Now in his second year as director of the School of Architecture and Interior Design at the University of Cincinnati (SAID), Edward Mitchell details his ambitions for the school, his favorite local buildings, and why he’d like to see the Crosley Tower saved.
Tell us a bit about your background: Where did you grow up?
I was born in New Haven, Connecticut, which was the first English-planned city in America based on biblical proportions. I was raised there and in nearby town, Wallingford, which was once home to a utopian society. This is not to say that either lived up to that bargain or that I was even aware of that as a kid, but aspects of those stories and the present complications of our small cities and towns set against a backdrop of idealism fascinates me.
As an East Coaster whose most recent post was at Yale School of Architecture. What attracted you about the job at UC?
I visited several times as a critic and thought the students were terrific. I also liked the opportunity of working at a public institution because of the challenges and the prospects for students for a high-caliber, affordable education. And the city was a real draw. It has this rich history and was going through a renaissance that struck me as the ideal situation for cultural invention.
What are your goals for the school, and how are you executing them?
I’m not a believer in rankings, but I’d like to get the school’s graduate programs up into the very top tier. The undergraduate program, which currently has about 575 students, is still a top-five program, as far as I can see. We are looking to expand our research capacity particularly in the area of Urban Futures, a topic that I spent much of my time on at Yale, by taking on prescient problems in Cincinnati while also strengthening our connections to our international partners in China, India, Europe, and Mexico.
In the first year we have done three publications of work from the school, including a study on affordable housing in one of the city neighborhoods and an examination on the future of work.
We’ve also put on several exhibits at the college and in town to promote the talents of our faculty and are part of a large show back in New Haven done in collaboration with several major universities on the impact of NAFTA on food and agriculture.
The school also has about 120 graduate students, and we are also starting a Master’s in Urban Design with the School of Planning, and several other initiatives that I will be working on in the next year or so.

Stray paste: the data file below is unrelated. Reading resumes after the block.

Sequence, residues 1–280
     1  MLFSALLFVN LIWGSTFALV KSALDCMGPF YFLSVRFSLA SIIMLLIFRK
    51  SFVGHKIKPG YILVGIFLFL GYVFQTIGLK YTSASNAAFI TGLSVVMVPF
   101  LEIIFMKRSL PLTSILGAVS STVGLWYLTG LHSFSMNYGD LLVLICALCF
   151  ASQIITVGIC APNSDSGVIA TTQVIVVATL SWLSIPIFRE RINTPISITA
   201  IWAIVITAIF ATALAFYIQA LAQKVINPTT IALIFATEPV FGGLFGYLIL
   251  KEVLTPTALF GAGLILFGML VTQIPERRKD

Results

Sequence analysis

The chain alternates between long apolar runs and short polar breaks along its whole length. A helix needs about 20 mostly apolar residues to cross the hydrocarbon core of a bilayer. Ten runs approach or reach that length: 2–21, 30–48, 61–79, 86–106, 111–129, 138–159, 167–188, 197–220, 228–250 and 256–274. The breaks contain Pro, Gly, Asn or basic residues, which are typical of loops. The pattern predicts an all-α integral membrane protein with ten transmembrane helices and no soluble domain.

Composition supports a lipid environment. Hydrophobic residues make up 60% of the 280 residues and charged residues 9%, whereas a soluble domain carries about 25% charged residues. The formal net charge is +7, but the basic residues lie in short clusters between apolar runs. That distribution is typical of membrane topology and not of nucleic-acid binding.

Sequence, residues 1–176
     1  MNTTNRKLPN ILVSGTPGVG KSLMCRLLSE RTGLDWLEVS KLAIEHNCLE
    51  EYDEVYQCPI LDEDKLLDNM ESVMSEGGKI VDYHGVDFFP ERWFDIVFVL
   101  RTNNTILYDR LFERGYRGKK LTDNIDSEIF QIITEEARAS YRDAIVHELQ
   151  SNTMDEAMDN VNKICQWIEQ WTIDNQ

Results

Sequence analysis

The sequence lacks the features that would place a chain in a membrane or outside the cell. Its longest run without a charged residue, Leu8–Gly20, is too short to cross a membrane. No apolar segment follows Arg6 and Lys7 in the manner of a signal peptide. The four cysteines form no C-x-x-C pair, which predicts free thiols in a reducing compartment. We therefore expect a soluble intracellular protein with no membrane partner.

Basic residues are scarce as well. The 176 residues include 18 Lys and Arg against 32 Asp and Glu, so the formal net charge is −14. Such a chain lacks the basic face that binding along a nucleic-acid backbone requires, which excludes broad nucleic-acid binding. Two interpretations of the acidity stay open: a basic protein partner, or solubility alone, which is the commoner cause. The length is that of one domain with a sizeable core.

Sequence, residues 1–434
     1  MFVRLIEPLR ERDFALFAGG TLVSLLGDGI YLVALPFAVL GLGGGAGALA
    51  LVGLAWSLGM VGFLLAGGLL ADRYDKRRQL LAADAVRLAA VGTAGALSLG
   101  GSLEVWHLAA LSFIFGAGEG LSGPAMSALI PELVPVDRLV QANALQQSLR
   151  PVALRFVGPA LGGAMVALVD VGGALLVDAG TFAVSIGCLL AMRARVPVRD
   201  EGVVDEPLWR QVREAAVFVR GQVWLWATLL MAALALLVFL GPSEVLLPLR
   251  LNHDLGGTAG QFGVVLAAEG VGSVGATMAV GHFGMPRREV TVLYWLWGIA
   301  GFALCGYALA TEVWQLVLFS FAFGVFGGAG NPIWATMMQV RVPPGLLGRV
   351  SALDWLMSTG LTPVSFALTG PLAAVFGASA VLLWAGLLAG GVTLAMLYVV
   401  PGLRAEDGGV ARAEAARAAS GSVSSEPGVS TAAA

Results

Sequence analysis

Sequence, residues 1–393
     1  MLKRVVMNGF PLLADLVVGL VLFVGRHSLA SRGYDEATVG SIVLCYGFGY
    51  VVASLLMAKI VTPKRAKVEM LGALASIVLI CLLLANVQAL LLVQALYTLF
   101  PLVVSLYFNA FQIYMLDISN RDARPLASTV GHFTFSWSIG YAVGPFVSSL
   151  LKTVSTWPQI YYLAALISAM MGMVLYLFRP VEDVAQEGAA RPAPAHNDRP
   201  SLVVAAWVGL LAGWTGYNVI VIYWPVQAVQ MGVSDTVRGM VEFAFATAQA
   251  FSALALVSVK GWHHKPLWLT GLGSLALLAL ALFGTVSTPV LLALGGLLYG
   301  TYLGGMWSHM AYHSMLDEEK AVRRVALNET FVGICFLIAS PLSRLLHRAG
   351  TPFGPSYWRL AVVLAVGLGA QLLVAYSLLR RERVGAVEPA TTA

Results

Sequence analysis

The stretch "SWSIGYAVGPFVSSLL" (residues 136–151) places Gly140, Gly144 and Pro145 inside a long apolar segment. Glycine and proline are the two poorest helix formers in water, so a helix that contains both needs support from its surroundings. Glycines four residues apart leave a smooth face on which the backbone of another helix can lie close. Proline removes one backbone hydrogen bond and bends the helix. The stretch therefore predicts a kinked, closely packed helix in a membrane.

What part of town are did you choose to live in, and why?
The Gaslight District in Clifton initially because it was within walking distance of the school but also because of its beautiful homes and great neighborhood district on Ludlow.
From an architectural standpoint, what are your favorite buildings on UC’s campus and other parts of town, and why?
Both those questions are tricky for a school director because I hate to play favorites. I can get myself in trouble here because I worked for Peter Eisenman when the DAAP building was designed, but my favorite on the UC campus is Thom Mayne’s Rec Center because of its dynamic sectional properties which create diagonal views from the exercise rooms through to the pools, while its exterior integrates parts of Nippert Stadium and the landscape into the building composition.
There are just too many buildings in town that I think are incredible, and I never have enough time to explore the more hidden gems, but I would include Carl Strauss’s house in Clifton, David Niland’s “Mary’s House” in Clermont County, the Palm Court in the Hilton Cincinnati Netherland Plaza, Union Terminal, and Memorial Hall.
A related question: UC has announced plans to take down the brutalist Crosley Tower, but has gotten some pushback from some quarters on doing so. What’s your take on this debate?
I’d like to see a creative way of reusing the existing structure as an armature for new architecture. Come to think of it, that sounds like a philosophy for the school.